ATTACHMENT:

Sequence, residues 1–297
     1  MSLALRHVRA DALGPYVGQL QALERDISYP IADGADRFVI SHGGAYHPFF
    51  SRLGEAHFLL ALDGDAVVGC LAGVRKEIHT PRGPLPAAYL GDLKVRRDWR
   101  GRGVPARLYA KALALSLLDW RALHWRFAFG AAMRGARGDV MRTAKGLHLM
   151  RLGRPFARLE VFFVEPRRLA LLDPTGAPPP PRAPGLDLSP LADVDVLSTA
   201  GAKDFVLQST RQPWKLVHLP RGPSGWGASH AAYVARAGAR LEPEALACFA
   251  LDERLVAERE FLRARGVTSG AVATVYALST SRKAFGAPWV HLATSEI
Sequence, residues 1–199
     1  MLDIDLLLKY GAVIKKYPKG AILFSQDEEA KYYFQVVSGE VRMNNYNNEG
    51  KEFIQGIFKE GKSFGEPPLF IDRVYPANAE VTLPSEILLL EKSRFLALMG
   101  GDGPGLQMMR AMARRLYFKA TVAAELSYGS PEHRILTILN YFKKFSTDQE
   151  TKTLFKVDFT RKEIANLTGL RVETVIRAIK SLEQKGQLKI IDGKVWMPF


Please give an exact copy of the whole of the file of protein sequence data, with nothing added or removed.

Sequence, residues 1–297
     1  MSLALRHVRA DALGPYVGQL QALERDISYP IADGADRFVI SHGGAYHPFF
    51  SRLGEAHFLL ALDGDAVVGC LAGVRKEIHT PRGPLPAAYL GDLKVRRDWR
   101  GRGVPARLYA KALALSLLDW RALHWRFAFG AAMRGARGDV MRTAKGLHLM
   151  RLGRPFARLE VFFVEPRRLA LLDPTGAPPP PRAPGLDLSP LADVDVLSTA
   201  GAKDFVLQST RQPWKLVHLP RGPSGWGASH AAYVARAGAR LEPEALACFA
   251  LDERLVAERE FLRARGVTSG AVATVYALST SRKAFGAPWV HLATSEI
Sequence, residues 1–199
     1  MLDIDLLLKY GAVIKKYPKG AILFSQDEEA KYYFQVVSGE VRMNNYNNEG
    51  KEFIQGIFKE GKSFGEPPLF IDRVYPANAE VTLPSEILLL EKSRFLALMG
   101  GDGPGLQMMR AMARRLYFKA TVAAELSYGS PEHRILTILN YFKKFSTDQE
   151  TKTLFKVDFT RKEIANLTGL RVETVIRAIK SLEQKGQLKI IDGKVWMPF